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Nvidia confirms Ion 2

Dec 23, 2009 — by LinuxDevices Staff — from the LinuxDevices Archive — 102 views

Nvidia has confirmed it will release a version of the Ion GPU (graphics processing unit) compatible with Intel's new Pine Trail Atom platform. The new chip, which will reportedly boost performance substantially, will arrive during the first quarter of next year, adds the Engadget website.

Intel's Atom processor, used in dozens — if not hundreds — of netbooks, was designed to use the chipmaker's own northbridge and southbridge chips, which weren't designed with gaming or HD video playback in mind. In December of last year, Nvidia responded by announcing its Ion platform (right), which uses an Atom CPU, but jettisons the rest of Intel's chipset in favor of a single northbridge/southbridge companion chip (pictured at right) that includes a GeForce 9400 GPU.

Nvidia says Ion-based products can have DDR3 memory interfaces with frontside bus speeds of up to 1066MHz. Graphically, they're said to support DirectX 10, offer resolutions up to 2560 x 1600 pixels, provide 1080p HD video playback, and deliver HDMI, VGA, DisplayPort, and dual-link DVI video outputs.

Since the Ion first launched, it has found its way into several dozen devices, which have handily outpaced their Intel-only equivalents in independent benchmarks. As long ago as May, however, Intel leaked word of a new "Pine Trail" chipset, which would bring the Atom's memory controller and graphics core on-die. This raised several questions: First, would the performance boost provided by the Ion be necessary any longer, and, second, could Nvidia make its product compatible with Intel's new platform?

Now, of course, Pine Trail has been released. The 1.66GHz chips, all accompanied by the NM10 southbridge, come in the form of the N450, for netbooks, and the D410 and D510, for single- and dual-core desktop PCs. While the new "kits" feature lower power consumption and somewhat better graphics, the Ion — even in its existing version — provides much better OpenGL performance and HD video playback, according to benchmarks that have already been published.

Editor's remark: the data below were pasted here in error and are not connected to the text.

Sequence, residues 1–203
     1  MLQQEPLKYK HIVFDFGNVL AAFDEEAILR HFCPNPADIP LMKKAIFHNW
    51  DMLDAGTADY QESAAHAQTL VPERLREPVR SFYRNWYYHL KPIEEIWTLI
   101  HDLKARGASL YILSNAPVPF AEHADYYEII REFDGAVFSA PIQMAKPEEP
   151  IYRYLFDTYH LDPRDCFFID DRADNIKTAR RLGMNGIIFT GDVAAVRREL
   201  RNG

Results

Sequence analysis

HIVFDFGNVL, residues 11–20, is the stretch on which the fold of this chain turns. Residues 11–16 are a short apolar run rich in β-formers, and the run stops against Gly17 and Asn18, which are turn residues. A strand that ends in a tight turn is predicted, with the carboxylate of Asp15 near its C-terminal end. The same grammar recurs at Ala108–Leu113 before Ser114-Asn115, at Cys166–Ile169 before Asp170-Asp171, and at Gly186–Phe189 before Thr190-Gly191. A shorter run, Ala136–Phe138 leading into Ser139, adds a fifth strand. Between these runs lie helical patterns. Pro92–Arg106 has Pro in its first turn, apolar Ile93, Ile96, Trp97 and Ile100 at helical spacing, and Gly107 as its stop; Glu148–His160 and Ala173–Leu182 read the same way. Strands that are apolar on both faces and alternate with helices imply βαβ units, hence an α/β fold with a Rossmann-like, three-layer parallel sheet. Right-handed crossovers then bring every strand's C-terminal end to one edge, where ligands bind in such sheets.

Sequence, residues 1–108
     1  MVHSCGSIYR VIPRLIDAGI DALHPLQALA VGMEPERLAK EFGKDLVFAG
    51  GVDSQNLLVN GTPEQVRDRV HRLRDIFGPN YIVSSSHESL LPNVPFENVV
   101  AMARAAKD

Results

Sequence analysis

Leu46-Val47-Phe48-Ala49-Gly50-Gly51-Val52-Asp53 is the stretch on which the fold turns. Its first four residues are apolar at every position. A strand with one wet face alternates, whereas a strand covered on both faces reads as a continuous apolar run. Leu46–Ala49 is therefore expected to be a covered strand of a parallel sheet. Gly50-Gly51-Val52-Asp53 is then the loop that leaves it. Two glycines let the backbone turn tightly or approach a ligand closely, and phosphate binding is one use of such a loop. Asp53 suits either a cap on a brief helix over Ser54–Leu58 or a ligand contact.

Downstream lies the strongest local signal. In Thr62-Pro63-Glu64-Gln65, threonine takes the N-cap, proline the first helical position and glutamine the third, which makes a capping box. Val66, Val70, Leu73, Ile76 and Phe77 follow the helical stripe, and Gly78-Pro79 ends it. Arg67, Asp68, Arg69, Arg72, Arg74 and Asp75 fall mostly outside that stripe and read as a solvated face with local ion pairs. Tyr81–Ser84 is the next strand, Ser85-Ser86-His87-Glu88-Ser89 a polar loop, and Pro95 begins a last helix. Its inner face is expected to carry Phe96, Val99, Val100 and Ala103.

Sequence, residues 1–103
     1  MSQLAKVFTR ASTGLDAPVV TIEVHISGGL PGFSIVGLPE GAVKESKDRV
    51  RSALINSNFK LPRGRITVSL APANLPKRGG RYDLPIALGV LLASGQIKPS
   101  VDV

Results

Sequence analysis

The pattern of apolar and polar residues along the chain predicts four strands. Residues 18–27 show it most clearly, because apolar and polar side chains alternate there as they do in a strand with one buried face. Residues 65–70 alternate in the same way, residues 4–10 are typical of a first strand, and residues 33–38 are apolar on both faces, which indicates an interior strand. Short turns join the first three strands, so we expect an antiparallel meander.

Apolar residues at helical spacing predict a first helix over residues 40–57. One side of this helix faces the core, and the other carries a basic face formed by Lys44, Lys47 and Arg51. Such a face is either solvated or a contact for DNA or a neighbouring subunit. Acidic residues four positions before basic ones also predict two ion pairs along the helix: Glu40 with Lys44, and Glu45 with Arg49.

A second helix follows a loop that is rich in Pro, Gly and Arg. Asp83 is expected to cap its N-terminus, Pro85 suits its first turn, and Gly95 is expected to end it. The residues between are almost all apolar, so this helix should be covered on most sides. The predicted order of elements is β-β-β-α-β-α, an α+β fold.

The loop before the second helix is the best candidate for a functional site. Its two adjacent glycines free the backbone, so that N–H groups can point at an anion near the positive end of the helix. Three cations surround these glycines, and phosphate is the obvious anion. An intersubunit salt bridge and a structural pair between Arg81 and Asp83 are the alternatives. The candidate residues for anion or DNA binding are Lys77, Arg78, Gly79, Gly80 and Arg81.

As to whether the Ion could work with Pine Trail, Nvidia has allowed rumors to circulate about an "Ion 2," but apparently couldn't commit itself fully until it got a closer look at the new CPUs. Now, according to Engadget writer Joanna Stern, the chipmaker says the next-generation Ion will indeed be compatible with the new Ions, and will ship during the first quarter of next year.

Nvidia's Pine Trail-compatible Ion
Source: Engadget
(Click to enlarge)

A slide (above) reproduced by Engadget claims that unlike plain-vanilla Pine Trail systems, Pine Trail-plus-Ion will equate to full-screen video in both SD and HD resolutions, 1080p Blu-ray playback, and "mainstream" gaming. At the same time, battery life will not be impaired significantly, the slide suggests.

Stern writes, "We couldn't get much out of [Nvidia] in terms of how Ion 2 will play with the Intel GMA 3150 GPU that's now integrated into the Atom N450 die." But, she adds, the company "didn't hold back when it came to Intel's reliance on third-party HD accelerator chips for video duties — they think customers want richer gaming and multimedia experiences on netbooks than Atom alone can offer, and they don't seem to care that Intel keeps calling Ion "overkill.'"

According to a variety of rumors, Ion 2 — which hasn't been formally named by Nvidia — will at least double the number of shaders (visual processing cores), from the 16 of the current design up to as high as 40. It's claimed this could make performance at least five times faster than Intel's new, on-processor graphics.

For its part, Intel asserts that most people purchase netbooks and low-cost PCs for simple tasks such as email and web browsing, and, even if they also want to watch video, do not need to add a gaming-oriented GPU. The company instead favors add-on, video-specific processors offered by Broadcom, and already offered on some netbooks by HP and Compaq. Earlier this week, Broadcom announced its new BCM70015, said to offer Pine Trail devices "near-flawless playback" with low power consumption and CPU utilization.

Broadcom's BCM70015

No pricing information has been provided publicly by Broadcom for the BCM70015, or by Nvidia for its revamped Ion. Broadcom's accelerator does have one clear advantage, however, in that it can apparently be added to products in the form of a PCI Express Mini Card module, as pictured above. The new Ion, on the other hand, will presumably require a motherboard redesign.


To read Joanna Stern's item about Nvidia's "Ion 2," see the Engadget website, here.

For our earlier related coverage, including the initial Pine Trail benchmarks mentioned in this story, check out the links below.

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